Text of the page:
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I'm reading side by side my class notes and Papadimitrious' Computational Complexity book. At this point they are talking about space complexity. They give rules for computing space employed in an algorithm that runs on a multi-tape Turing machine:

  1. We count the cells used.
  2. If we don't write in the input, this cells don't count.
  3. If the output cells are written from left to right, they don't count.

The final requirement is expressed differently in Papadimitrious' and my notes. In the books it is written:

The cursor of the input string does not wander off into the blank symbols after the end of the input. It is a useful technical requirement, but not necessary.

In my notes:

In an algorithm where space is counted, there can exist computations that never end, but one can always transform the algorithm into another that doesn't cycle.

So how does one measure the space complexity of an algorithm that may cycle forever? Are this statement equivalent to each other?

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  • $\begingroup$ Could you give more info about the second statement "In an algorithm where ..."? What do you mean by "space is counted"? From which page in Papadimitrious' did you take this excerpt ? $\endgroup$ – fade2black Aug 11 '17 at 15:03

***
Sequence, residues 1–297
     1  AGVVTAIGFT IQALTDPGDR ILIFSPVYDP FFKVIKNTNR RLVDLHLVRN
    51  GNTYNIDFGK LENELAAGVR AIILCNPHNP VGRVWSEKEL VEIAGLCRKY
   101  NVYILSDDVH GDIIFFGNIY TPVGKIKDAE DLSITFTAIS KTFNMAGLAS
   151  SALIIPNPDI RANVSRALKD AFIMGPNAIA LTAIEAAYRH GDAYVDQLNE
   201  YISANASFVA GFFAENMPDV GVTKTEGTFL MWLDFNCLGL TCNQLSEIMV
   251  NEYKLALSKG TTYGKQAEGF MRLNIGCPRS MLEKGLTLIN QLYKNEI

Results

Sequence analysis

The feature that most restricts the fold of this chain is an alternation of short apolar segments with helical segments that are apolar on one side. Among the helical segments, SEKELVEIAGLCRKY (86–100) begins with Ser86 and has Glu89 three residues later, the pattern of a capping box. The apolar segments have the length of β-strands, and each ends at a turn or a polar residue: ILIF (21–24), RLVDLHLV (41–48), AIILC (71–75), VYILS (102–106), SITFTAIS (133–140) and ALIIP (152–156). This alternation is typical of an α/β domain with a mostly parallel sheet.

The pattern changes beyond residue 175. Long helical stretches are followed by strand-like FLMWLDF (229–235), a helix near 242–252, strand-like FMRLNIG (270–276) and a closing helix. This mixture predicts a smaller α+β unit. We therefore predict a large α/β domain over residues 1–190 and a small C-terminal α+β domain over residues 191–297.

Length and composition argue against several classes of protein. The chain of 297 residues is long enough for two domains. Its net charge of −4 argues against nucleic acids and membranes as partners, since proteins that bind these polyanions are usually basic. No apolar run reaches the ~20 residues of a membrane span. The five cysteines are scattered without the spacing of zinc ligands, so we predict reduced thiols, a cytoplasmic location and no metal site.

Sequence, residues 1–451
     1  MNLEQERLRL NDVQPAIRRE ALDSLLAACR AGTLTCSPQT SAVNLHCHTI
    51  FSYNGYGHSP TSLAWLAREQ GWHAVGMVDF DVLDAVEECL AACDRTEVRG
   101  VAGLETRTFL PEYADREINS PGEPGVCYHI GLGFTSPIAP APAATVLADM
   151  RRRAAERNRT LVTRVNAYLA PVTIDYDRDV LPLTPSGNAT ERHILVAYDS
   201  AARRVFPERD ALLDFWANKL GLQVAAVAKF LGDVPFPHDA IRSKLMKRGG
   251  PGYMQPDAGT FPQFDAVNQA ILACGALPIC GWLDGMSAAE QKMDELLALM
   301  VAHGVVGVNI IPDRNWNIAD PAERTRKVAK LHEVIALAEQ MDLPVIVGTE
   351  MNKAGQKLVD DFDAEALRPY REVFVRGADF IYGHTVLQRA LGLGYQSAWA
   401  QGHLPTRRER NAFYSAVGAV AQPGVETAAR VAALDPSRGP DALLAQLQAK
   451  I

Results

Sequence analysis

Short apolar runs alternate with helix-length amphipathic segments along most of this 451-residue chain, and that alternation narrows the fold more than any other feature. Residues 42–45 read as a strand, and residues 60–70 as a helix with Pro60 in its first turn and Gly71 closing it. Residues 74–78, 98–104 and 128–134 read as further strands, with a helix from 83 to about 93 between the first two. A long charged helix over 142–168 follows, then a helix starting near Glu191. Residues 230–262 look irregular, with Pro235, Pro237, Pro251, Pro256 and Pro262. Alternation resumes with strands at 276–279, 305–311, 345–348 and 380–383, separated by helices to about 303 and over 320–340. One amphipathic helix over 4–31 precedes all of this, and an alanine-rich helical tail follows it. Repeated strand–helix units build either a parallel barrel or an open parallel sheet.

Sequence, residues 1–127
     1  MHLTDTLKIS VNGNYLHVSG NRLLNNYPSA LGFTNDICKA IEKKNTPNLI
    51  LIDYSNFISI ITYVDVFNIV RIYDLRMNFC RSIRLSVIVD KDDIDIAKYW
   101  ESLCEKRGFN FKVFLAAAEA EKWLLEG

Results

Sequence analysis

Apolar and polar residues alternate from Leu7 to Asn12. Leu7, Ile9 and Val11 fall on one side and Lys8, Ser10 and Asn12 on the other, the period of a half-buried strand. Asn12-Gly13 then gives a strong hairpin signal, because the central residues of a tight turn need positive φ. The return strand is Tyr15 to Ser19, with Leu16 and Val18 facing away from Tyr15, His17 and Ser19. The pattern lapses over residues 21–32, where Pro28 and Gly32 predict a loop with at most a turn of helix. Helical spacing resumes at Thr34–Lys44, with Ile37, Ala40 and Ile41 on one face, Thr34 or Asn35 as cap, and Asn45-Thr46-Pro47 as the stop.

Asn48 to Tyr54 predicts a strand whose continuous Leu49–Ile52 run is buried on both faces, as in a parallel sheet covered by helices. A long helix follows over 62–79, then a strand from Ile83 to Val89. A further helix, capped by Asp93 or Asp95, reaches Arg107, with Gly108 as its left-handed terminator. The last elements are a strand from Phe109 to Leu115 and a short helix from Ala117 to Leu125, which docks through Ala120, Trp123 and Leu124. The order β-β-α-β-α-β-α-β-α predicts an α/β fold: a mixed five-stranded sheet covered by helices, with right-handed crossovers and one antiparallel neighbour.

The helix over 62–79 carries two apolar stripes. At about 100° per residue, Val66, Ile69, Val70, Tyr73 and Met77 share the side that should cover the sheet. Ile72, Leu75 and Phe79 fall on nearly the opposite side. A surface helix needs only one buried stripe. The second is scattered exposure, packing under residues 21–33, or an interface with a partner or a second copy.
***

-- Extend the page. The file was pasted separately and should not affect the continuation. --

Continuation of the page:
• $\begingroup$ @fade2black this excerpt is from my class slides not from papadimitrious $\endgroup$ – Javier Aug 11 '17 at 15:17
  • $\begingroup$ where space is counted just means that space complexity is being analysed $\endgroup$ – Javier Aug 11 '17 at 15:18
  • $\begingroup$ Hey, Rodrigo. I just rejected two of your edits because they completely rewrote existing answers to say something different. If you want to post your own answer, post it as a new answer -- don't edit it on top of somebody else's. Thanks! $\endgroup$ – David Richerby Aug 18 '17 at 12:22
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So how does one measure the space complexity of an algorithm that may cycle forever?

When we say that some language $L$ belongs to some complexity class it is assumed that a TM (algorithm) decides $x \in L$ in finite space and time amount. In other words, the TM/algorithm terminates, i.e. it may not cycle forever. However, an algorithm that loops forever may use finite space, but it still cannot decide.

But I don't understand the following statement

In an algorithm where space is counted, there can exist computations that never end, but one can always transform the algorithm into another that doesn't cycle.

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    $\begingroup$ Last statement means that cycles can be detected and you can make another that will halt in the same case instead of cycling. $\endgroup$ – rus9384 Aug 28 '17 at 13:08
  • $\begingroup$ @rus9384 In any case, I am curious how we are supposed to detect infinite loops (in general) excepting special cases like in case of TMs with bounded space. $\endgroup$ – fade2black Aug 28 '17 at 14:23
  • $\begingroup$ They only said that such algorithm exists. Of course finding it in general is undecidable. $\endgroup$ – rus9384 Aug 28 '17 at 14:36
  • $\begingroup$ Also if "counted" means that space complexity is finite then their statement is correct: any finite algorithm can be optimized etc (otherwise how codegolfing would exist?). $\endgroup$ – rus9384 Aug 28 '17 at 15:14

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